This lack of clarity resulted in legal proceedings, in which the Supreme Court ultimately delivered a ruling. The Supreme Court ruled that, first of all, the amount of the investment tax credit must be calculated on the basis of the total amount of the investments. The entrepreneur is then entitled to a share of this investment tax credit in proportion to his/her share in the total investment amount.

However, the Supreme Court highlighted one exception to this calculation method. If the investment tax credit calculated on the basis of the total amount of the investments equals the fixed ceiling, the entrepreneur is entitled to this maximum amount. In such a case, therefore, there is no pro-rata recalculation of the investment tax credit. The government considers this to be undesirable and is changing the investment tax credit in such a way that the pro-rata recalculation will still take place. This is worked out in figures in the example below.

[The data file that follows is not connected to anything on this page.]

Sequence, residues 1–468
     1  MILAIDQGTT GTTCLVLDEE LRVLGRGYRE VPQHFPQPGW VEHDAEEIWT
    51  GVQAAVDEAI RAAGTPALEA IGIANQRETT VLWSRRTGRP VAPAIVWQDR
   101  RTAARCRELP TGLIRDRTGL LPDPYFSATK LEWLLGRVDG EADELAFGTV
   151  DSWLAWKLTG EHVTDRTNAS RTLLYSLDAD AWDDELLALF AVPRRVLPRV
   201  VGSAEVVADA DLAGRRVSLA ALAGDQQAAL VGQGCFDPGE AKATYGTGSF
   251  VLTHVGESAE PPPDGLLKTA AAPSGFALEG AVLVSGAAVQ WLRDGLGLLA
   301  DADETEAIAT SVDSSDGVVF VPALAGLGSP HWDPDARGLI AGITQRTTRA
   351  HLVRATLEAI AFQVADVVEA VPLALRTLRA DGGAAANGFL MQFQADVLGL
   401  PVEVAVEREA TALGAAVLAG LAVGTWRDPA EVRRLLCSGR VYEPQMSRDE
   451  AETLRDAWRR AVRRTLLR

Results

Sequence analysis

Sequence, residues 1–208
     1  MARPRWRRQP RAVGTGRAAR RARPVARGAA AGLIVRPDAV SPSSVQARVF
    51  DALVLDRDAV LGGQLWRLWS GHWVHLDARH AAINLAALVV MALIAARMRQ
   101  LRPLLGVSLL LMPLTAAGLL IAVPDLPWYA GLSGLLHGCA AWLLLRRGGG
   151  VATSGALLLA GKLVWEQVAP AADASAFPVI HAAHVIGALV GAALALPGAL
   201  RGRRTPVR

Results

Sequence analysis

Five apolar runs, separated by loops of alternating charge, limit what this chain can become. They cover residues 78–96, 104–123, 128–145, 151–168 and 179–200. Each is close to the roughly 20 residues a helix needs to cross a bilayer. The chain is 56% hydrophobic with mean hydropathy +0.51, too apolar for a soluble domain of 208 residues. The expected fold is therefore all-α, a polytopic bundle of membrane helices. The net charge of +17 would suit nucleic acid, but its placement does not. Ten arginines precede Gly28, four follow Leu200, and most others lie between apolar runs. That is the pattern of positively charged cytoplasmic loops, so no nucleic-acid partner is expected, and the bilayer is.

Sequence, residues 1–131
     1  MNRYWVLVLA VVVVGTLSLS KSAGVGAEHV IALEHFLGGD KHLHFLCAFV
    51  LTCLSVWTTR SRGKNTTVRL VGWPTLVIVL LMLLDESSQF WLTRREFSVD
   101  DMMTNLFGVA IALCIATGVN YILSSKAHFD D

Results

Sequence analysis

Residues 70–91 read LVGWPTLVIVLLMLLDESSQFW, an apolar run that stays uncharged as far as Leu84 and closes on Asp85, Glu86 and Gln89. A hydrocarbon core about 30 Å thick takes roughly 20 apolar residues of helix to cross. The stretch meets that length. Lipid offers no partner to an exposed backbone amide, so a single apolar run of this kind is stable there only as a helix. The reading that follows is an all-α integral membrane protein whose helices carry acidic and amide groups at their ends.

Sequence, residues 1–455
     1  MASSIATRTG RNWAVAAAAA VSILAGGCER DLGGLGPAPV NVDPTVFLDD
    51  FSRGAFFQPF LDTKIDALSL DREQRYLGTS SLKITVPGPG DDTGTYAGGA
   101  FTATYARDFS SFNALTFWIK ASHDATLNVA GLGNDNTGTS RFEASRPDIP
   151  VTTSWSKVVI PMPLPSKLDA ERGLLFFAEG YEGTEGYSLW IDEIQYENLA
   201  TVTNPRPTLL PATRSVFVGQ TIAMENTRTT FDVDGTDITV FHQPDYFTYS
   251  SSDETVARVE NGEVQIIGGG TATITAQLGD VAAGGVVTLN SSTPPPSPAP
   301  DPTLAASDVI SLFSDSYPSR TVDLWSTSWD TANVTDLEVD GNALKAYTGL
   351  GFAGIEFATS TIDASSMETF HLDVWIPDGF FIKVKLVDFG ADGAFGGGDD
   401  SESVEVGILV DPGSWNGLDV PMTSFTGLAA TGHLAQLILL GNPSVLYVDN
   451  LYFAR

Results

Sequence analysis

An entrepreneur belongs to a general partnership and is entitled to 50% of the surplus profit. He also has non-partnership assets. Over the course of a year the general partnership invested € 40,000. The entrepreneur therefore invested € 20,000 (50% of € 40,000) in the business. In addition, the entrepreneur invested € 60,000 in his non-partnership assets. The total investment amount is therefore € 100,000. The fixed ceiling of € 16,307 of investment tax credit applies. According to the Supreme Court’s ruling, the entrepreneur would be able to claim this amount in the form of investment tax credit. On the basis of the proposed change to the law, this amount will be recalculated as follows: (50% x € 40,000 + € 60,000) / € 100,000 x € 16,307 = € 13,046